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Mental health problems and suicide

Hawaii: Mental health challenges

In the state of Hawaii, Native Hawaiians and other Pacific Islanders have the highest rates of suicide. Hawaiian youth, especially females, appear to be at high risk of mental health disorders. Visit the mental health section of womenshealth.gov to learn the symptoms of these and other mental illnesses and how to get help.

Money problems, health problems, and the loss of loved ones are all sources of stress, worry, and sadness. During stressful times, feeling sad, worried, or anxious for a little while is normal. But it's not normal to feel this way a lot of the time. Ongoing feelings of sadness and numbness can be signs of depression. Constant worrying that won't go away can be a sign of an anxiety disorder. These feelings are not just "in your head" or a sign of weakness. Mental health problems, such as anxiety and mood disorders, are real illnesses, just like diabetes or heart disease. They can cause changes in your brain and body chemistry. Yet unlike most disabling physical illnesses, mental illness often begins early in life. The sooner a mental health problem is discovered, the better the chance for a full recovery.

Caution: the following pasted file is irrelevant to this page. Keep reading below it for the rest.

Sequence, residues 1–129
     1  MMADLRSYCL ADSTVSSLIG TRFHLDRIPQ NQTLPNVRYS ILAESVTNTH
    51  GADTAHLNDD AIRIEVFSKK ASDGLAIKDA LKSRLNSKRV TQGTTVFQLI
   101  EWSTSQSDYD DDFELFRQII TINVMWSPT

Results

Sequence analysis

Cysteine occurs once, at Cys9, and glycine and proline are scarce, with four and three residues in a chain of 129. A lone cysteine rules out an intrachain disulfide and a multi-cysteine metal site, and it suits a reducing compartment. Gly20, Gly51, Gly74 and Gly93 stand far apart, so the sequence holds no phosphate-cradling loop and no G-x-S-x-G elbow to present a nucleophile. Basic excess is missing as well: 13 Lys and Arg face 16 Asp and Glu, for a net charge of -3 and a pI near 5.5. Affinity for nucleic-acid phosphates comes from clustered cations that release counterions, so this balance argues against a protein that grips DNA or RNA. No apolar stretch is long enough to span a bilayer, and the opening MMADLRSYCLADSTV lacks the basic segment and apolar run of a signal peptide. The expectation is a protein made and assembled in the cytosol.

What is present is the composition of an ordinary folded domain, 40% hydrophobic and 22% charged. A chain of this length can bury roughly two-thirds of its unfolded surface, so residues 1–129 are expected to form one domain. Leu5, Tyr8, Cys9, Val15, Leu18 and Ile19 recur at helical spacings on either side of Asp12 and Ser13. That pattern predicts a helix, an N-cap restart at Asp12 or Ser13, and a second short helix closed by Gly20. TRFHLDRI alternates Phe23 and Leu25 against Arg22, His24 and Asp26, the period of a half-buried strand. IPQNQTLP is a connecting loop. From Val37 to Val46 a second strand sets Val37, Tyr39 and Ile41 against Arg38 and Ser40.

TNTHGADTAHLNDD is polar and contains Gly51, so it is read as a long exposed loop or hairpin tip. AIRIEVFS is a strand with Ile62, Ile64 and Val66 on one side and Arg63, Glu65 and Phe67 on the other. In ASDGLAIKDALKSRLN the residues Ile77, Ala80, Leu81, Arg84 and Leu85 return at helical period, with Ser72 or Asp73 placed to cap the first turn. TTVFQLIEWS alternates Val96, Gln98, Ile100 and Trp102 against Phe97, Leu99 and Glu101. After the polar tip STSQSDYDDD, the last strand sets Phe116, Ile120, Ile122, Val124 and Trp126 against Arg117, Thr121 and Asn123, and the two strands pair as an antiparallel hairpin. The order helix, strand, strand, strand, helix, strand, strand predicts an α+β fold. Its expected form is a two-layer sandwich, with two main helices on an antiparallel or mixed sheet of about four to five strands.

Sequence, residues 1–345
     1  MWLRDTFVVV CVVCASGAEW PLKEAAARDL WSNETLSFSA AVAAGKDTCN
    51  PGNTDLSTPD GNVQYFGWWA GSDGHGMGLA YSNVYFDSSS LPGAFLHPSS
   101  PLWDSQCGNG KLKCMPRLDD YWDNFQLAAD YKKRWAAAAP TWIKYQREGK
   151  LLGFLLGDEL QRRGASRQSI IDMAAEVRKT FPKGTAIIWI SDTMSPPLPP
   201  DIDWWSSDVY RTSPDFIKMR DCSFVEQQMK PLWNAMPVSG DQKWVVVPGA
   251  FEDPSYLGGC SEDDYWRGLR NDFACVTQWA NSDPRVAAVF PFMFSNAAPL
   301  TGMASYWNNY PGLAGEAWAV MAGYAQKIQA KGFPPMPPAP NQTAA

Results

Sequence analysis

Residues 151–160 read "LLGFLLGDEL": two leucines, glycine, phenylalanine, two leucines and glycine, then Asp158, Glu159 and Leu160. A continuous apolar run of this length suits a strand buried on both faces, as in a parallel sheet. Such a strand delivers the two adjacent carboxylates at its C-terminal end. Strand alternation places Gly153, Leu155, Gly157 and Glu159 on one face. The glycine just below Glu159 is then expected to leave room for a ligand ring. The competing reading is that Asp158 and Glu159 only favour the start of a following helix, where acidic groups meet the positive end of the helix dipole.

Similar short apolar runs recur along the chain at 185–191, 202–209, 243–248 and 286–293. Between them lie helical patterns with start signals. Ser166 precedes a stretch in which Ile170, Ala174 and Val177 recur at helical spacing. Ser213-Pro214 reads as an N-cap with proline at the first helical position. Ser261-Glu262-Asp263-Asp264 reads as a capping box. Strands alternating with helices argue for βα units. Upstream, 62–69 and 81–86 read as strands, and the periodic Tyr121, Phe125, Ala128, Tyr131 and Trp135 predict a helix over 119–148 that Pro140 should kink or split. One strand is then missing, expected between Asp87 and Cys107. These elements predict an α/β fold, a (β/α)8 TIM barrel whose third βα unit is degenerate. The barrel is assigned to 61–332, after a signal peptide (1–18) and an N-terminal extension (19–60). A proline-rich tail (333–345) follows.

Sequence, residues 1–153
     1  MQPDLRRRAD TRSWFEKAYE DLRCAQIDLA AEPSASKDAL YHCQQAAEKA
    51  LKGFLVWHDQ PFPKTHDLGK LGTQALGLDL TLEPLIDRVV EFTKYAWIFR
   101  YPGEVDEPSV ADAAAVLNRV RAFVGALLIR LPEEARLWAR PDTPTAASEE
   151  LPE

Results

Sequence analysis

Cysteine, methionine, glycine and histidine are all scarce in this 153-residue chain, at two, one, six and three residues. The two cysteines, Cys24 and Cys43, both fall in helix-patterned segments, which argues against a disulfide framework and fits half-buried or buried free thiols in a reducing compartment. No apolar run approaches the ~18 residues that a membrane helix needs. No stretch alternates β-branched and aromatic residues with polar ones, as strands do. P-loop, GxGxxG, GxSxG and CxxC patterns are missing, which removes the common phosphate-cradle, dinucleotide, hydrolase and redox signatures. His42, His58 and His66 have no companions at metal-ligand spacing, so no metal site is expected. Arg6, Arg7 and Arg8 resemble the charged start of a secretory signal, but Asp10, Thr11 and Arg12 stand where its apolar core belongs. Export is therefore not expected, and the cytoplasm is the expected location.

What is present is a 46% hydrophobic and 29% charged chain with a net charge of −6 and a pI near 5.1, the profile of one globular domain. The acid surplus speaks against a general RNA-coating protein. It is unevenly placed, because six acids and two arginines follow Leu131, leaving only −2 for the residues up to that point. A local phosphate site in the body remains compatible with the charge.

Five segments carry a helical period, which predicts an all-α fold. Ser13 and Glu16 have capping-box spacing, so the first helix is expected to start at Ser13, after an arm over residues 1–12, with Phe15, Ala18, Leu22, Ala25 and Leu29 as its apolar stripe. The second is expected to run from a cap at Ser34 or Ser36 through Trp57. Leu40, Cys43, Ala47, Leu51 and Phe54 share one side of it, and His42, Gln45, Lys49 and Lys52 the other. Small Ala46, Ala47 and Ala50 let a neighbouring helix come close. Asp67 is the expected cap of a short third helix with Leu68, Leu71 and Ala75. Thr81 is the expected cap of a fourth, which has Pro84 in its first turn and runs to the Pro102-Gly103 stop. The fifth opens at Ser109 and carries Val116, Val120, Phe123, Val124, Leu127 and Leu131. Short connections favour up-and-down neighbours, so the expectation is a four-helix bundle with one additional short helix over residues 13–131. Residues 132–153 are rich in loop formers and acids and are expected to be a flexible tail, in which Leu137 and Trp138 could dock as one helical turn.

Getting help for mental health problems can be a challenge for Native Hawaiians and other Pacific Islanders. Language barriers, cultural differences, and poverty all play a part in this lack of access. Yet, getting help is important. Our limited knowledge of the mental health needs of Native Hawaiians and other Pacific Islanders may also play a role.

Remember: Mental illnesses are real, and treatment can help. If emotional problems are interfering with work, school, relationships, or home life, see a doctor.

If you have thoughts of hurting or killing yourself, get medical help right away. Call 911, 800-SUICIDE, or 800-273-TALK (8255), or check in your phone book for the number of a suicide crisis center.

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Content last updated: May 18, 2010.

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